Monday 25th March 2019 (20:00 - 22.00).
Venue: Ely House, 8 Ely Place, Dublin 2.
A series of short talks by IAS members:Sky Notes by John Flannery.
All welcome, free event.
The spring (or vernal) equinox occurs on the 20th March 2019 at 21.58 UT. Then the centre of the Sun is directly over the equator. By the equator, we can either mean the terrestrial equator or the celestial equator. On the celestial equator the Suns lies in Pisces at the point where the ecliptic (i.e. the path of the Sun) crosses the equator.
This time of year, sees the Sun move at its most rapidly northwards. Day and night are (to a good approx.) of equal length.
Our yearly almanac Sky-High 2019 is now available. It is now in its 27th year.
Sky-High has articles on upcoming events regarding Planets, Asteroids, Comets, Meteors, Transit of Mercury and Variable Stars. It has a detailed Diary tailored for Irish Observers. It includes a handy table of sunset and twilight times as well as Moon phases. It also features a number of guest articles.
Please see more details, that includes information in obtaining a copy.
Please note that paid-up IAS members are mailed a free copy.
21 Feb: There is now online resources - Sky-High Extra.
Angela O'Connell reports:
A view of totality from the MS Volendam, on the starboard bow, mid-ship. We were located in the Makassar Strait between the islands of Borneo and Sulawesi, about 1½ degrees south of the equator. The sea was surprisingly calm and the ship was steady allowing those of us with tripods to relax and concentrate on the spectacle which lasted 2 min 46 sec approximately. Photo (at left) taken 08:34 (local time), 9th March 2016 with Lumix GM5 on automatic night scene setting.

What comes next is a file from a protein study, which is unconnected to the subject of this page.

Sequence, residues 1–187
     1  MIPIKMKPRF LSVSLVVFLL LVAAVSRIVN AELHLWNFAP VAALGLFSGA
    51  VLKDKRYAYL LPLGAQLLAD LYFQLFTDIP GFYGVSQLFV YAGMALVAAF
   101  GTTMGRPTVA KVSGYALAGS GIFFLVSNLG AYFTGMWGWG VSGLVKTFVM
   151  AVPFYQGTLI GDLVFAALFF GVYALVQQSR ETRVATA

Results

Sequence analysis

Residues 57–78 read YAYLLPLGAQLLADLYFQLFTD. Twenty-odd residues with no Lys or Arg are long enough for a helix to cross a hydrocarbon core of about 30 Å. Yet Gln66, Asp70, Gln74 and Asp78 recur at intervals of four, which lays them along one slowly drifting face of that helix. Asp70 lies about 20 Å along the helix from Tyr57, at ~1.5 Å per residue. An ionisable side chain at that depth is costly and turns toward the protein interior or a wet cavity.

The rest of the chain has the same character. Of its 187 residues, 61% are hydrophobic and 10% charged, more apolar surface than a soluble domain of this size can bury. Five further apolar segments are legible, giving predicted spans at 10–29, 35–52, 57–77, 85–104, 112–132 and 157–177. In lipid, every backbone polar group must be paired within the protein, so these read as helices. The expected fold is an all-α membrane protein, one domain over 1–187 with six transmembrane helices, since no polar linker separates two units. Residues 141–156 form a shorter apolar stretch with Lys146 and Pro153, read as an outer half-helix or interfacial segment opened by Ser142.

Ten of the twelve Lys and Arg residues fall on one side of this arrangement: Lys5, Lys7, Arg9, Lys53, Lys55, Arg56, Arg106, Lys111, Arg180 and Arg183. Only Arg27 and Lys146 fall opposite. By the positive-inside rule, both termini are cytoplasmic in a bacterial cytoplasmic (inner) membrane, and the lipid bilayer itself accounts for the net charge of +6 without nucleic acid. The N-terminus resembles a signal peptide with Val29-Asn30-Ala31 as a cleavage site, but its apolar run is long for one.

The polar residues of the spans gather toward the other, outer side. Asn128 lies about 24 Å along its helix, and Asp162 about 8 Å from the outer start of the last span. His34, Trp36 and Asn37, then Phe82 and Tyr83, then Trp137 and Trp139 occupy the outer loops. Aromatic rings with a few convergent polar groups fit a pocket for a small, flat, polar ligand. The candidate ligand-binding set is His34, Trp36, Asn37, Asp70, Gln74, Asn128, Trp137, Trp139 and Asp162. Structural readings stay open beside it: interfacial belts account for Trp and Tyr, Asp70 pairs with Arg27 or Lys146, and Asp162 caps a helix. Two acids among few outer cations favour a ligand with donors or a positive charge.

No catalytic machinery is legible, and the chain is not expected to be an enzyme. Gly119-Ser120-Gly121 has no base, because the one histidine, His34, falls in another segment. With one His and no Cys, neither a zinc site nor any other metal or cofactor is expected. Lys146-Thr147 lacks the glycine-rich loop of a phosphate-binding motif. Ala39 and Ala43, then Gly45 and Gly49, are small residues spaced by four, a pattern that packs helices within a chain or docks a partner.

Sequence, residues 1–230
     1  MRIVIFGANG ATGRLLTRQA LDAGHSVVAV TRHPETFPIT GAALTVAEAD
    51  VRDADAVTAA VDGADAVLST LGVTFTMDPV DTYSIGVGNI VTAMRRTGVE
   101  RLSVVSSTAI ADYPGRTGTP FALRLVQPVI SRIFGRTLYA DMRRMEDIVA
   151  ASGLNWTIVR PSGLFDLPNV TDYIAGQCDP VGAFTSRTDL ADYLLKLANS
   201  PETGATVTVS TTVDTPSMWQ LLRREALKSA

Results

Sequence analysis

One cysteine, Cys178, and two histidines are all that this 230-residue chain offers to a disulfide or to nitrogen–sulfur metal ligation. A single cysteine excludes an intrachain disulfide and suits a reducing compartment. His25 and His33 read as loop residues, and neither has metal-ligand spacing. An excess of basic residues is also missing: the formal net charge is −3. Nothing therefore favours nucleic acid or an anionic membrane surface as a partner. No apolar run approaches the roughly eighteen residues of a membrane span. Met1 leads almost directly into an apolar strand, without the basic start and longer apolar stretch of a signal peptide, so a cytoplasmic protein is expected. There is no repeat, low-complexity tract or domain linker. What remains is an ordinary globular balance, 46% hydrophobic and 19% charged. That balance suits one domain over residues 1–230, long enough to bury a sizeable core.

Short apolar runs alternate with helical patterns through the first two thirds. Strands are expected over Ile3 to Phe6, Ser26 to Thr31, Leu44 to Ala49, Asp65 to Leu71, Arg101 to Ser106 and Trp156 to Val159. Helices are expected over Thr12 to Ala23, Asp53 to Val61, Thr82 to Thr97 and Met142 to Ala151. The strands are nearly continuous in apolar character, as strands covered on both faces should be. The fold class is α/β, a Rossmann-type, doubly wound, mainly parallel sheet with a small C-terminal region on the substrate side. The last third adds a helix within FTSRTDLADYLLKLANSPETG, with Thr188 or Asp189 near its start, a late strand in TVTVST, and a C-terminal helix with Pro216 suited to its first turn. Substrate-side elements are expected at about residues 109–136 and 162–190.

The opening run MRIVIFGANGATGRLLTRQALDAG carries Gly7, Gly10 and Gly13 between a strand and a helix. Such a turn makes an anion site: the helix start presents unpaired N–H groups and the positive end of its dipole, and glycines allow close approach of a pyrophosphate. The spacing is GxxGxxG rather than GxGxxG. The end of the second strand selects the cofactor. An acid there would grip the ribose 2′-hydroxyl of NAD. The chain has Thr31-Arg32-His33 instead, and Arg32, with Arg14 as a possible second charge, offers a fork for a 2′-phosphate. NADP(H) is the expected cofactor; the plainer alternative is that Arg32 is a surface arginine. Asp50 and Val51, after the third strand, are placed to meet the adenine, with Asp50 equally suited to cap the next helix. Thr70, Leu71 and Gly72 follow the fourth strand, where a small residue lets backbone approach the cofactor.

Terry Moseley reports:
The solar corona during totality. Photo taken 08:36 (local time), 9th March 2016 with Canon Power Shot with x42 zoom.The next total solar eclipse occurs in August 2017, only touching land in USA.
We were treated to a fine total lunar eclipse.
The photo of the eclipse was taken by J. O'Neill, at 02.21 UT, with a 106 mm refractor at f/8. This was 10 min after the start of totality.
The next total lunar eclipse visible from Ireland occurs in July 2018.
Members please report any observations, drawings or photographs to our Director of Observations, Liam Smyth for inclusion in the next issue of Orbit.
In late May 2015, the comet passed about 1° from the pole star Polaris. Remarkably, it was still visible (as of 23 May) in binoculars, at just below mag 8. It was an excellent time to image the comet with a fixed camera, as trailing would be slight.
The photo (below) of the comet is by John O'Neill and was taken on 9-10 January 2015 (cropped; 200 mm camera lens). The drawing of 19 January 2015 is by Deirdre Kelleghan, with details appended.
Please report any observations, drawings or photographs to our Director of Observations, Liam Smyth.
2019 Mar 25 IAS Talk, Ely House.
2019 Apr 12 Dublin Sidewalk Astronomy at Sandymount.
2019 Apr 13 Dublin Sidewalk Astronomy at Clontarf.
Please see EVENTS/opposite for more details and further events.
If you would like to attend Dunsink Observatory Public Open Nights that are supported by the IAS, you can find more details at Dunsink Observatory.